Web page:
The worm—or more accurately, larval moth—dropped into bottles of cheap mezcal is perhaps the most famous of the “weird stuff in my booze” gimmicks. It’s beloved by tourists south of the border for its perceived exoticism and at the same time reviled by serious drinkers of artisanal mezcal.
In Australia, however, there’s a new gin on the market being made with little green ants. Though the bugs themselves are mostly decorative, their inclusion is far from a gimmick. In fact, it reflects millennia of food-harvesting traditions from indigenous Australian communities of the country’s tropical top end.
The aptly named Green Ant gin wears an attractive green and gold label around a bottled liquor that’s clear but for a few floating ants sporting vivid neon-green abdomens. These little guys are packed full of flavor, with intense pops of makrut lime and coriander comprising the predominant notes in the bug and the gin they have gone on to inspire.
The gin was initially developed as a project by aboriginal Australian footballing brothers Daniel and Shannon Motlop of the Larrakia people of the Northern Territory. Their native food-supplying business, Something Wild, collaborated with Adelaide Hills distillery to produce a spirit with a unique flavor that was created while honoring traditional methods.
For more than 65,000 years, native foods have been gathered from the wild without damaging the ecosystem, an approach that has been applied to the acquiring of ants and other ingredients used in Green Ant gin. “Bush tucker” is the Australian term for this foraged and hunted food, but just like anything consumed by humans, it’s extremely easy to overdo it.
That’s why Something Wild’s approach is to do things the way they’ve always been done. The bush tucker is hand-harvested by the traditional people of that land, providing them work and agency, with strict limits on how much can ultimately be collected. Nests are left with their queen and the juvenile ants, ensuring that each individual colony can continue on without excessive impairment.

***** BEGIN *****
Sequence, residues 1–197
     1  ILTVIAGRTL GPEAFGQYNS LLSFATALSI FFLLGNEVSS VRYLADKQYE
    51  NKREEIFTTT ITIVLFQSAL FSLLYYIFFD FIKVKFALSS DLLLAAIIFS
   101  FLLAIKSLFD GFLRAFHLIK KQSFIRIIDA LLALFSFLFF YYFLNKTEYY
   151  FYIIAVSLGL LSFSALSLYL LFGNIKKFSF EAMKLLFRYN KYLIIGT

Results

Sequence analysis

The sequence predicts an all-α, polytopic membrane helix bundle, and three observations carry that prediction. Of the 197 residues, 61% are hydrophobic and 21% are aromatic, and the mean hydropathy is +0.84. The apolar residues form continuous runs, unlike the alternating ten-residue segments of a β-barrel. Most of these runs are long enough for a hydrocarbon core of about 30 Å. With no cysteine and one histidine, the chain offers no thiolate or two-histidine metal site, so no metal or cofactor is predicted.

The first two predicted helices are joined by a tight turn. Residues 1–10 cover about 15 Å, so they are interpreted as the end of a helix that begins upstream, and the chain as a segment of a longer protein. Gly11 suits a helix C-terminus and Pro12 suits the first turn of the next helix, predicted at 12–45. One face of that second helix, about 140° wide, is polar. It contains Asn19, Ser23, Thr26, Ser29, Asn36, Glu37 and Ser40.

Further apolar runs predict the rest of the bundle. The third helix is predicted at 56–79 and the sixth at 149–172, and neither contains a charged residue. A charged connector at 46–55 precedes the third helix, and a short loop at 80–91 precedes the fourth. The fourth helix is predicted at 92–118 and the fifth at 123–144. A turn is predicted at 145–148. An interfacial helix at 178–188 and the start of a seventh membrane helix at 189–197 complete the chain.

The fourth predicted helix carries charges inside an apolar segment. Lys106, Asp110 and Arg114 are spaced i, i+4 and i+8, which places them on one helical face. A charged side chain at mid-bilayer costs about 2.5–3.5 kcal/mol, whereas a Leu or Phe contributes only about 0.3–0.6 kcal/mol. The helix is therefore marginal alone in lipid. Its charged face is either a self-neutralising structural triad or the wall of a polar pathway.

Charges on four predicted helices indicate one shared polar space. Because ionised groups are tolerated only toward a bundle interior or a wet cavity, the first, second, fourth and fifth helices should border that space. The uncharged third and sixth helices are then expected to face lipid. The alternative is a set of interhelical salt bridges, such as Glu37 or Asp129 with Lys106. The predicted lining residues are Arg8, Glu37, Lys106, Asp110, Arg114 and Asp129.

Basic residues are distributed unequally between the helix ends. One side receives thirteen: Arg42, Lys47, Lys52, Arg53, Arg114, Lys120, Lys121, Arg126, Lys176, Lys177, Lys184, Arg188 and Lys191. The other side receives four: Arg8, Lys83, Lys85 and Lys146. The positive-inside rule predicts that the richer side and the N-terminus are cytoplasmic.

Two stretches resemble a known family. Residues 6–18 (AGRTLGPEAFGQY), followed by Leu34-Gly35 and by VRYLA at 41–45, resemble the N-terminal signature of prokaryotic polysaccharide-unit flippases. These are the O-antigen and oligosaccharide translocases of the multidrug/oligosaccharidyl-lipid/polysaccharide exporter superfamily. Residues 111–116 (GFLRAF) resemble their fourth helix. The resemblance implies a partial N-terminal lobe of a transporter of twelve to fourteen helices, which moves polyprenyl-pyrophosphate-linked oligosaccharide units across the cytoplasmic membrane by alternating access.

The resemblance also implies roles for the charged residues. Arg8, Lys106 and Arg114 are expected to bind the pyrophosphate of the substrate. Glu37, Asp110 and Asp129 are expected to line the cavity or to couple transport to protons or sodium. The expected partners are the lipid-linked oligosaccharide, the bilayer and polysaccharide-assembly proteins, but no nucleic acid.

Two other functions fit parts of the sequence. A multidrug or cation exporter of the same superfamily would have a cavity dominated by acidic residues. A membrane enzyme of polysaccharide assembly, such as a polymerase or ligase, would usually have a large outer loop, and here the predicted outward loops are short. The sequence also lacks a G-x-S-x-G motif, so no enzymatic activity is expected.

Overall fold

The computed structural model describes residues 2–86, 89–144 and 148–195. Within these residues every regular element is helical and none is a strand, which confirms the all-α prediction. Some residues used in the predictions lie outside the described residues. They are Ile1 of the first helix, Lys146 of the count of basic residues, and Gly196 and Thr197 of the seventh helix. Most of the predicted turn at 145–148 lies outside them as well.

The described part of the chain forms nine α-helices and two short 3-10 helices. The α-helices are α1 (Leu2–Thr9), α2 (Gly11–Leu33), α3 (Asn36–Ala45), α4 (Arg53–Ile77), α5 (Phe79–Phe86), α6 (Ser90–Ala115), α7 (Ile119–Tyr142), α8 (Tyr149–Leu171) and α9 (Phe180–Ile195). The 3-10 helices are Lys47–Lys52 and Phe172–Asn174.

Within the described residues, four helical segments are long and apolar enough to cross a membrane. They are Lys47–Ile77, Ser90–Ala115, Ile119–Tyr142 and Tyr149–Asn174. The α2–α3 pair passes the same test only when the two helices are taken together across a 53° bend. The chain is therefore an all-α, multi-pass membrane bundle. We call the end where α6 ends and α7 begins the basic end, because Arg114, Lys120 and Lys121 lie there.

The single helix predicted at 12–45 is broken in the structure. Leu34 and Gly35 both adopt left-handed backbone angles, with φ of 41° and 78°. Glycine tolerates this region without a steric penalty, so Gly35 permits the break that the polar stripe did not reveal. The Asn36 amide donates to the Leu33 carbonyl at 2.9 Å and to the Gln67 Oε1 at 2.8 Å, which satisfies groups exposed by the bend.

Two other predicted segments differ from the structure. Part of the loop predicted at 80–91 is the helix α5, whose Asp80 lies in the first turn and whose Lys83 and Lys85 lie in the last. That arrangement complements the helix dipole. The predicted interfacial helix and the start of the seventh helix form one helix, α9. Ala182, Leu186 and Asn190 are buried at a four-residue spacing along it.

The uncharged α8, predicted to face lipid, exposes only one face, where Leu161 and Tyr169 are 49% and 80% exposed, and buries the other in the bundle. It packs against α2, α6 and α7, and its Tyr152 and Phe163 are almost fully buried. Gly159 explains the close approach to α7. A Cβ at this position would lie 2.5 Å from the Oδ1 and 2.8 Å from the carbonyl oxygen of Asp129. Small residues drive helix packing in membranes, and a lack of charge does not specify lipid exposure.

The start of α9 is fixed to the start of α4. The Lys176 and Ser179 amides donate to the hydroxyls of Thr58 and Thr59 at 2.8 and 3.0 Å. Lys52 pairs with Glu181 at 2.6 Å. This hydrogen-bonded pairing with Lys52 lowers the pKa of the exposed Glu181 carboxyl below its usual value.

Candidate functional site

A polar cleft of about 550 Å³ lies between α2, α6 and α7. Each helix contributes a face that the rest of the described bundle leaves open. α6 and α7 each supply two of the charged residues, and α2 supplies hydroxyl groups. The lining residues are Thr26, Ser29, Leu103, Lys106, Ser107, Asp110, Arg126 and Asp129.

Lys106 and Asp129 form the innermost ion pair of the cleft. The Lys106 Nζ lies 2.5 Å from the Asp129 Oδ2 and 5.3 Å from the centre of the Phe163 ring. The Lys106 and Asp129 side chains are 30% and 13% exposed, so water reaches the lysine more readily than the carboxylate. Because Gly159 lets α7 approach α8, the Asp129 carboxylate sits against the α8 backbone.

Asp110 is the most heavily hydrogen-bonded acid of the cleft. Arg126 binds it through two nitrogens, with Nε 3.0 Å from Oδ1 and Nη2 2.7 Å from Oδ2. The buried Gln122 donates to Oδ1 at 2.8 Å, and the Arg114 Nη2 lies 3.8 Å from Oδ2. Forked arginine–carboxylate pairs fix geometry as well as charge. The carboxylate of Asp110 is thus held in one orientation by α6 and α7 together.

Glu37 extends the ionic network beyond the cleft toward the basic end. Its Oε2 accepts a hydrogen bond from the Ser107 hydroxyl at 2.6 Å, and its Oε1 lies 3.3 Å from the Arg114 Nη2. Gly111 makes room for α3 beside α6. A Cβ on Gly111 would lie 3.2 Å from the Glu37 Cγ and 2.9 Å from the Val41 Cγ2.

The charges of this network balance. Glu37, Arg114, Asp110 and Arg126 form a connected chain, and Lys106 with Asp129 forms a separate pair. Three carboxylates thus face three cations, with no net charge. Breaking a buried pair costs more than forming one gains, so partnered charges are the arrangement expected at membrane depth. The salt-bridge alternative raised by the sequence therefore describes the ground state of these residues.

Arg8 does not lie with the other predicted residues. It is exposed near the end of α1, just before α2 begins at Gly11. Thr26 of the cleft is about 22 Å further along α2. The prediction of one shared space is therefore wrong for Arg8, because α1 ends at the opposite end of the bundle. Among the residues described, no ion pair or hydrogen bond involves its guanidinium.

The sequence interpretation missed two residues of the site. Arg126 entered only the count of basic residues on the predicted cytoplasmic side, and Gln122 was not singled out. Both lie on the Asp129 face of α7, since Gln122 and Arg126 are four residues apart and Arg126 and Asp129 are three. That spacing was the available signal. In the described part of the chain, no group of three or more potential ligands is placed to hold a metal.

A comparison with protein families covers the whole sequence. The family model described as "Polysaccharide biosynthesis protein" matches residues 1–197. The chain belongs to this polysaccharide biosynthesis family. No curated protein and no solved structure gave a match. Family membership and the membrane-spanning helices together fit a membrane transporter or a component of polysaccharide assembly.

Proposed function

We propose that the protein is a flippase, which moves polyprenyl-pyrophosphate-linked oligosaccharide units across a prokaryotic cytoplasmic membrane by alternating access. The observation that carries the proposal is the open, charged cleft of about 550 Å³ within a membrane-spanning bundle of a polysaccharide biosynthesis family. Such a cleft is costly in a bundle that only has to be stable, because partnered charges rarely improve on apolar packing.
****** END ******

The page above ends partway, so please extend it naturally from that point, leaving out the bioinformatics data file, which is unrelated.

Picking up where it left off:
Green ants are not difficult to find, which has made them a reliable source of protein and medicine over the centuries. But like other members of the bush tucker family, these qualities attract the attention of the commercial food industry, putting green ants into that prized haute category.
Chef Rene Redzepi of Copenhagen’s Nomaonce sang the ants’ praises, officially adding the insect to the must-have menu. So in order to maintain the kind of sustainability these creatures need to still be around in a few decades, the Australian government has granted a permit to Something Wild so it can legally harvest them, trusting it to distribute the ants as desired to chefs and businesses that would like to use them.
Boobiala is the native juniper used in this gin, with other native plants like finger lime, strawberry gum, lemon myrtle and pepper berry comprising the other botanicals, all of which are individually vapor-infused, then combined together later, to create a more delicate flavor.
The lime-coriander taste of the ant is the perfect flavor to lead the spirit, with each added component balancing out and complementing the central citrus. The spice of the pepper berry in particular helps to balance the citrus flavor. The actual ants are few in number and don’t factor into the gin’s overall profile, unless they’re being chewed, in which case they deliver an herbaceous zing.
Despite the many strong flavors included in the gin’s chemistry, the vapor-infusion process allows for a more subtle exploration of each of these native Australian plants, making it fun to drink straight, though it’s excellent as a Martini or a Gin & Tonic.
And just in time to ditch a Northern Hemisphere winter in favor of Adelaide’s Mediterranean summer, Green Ant gin can be sampled at the distillery’s brand-new cellar door in Nairne, Adelaide Hills.
It may be decorated with once-living insects, but Green Ant gin exists in a class of its own. Beyond bearing a refreshing, complex flavor that refreshes as well as it entertains, it pays tribute to the insects and botanicals that have sustained the longest-living culture on earth and invests in the social well-being for all involved. If you’ve sworn off insect-inspired liquors, now is the time to reconsider.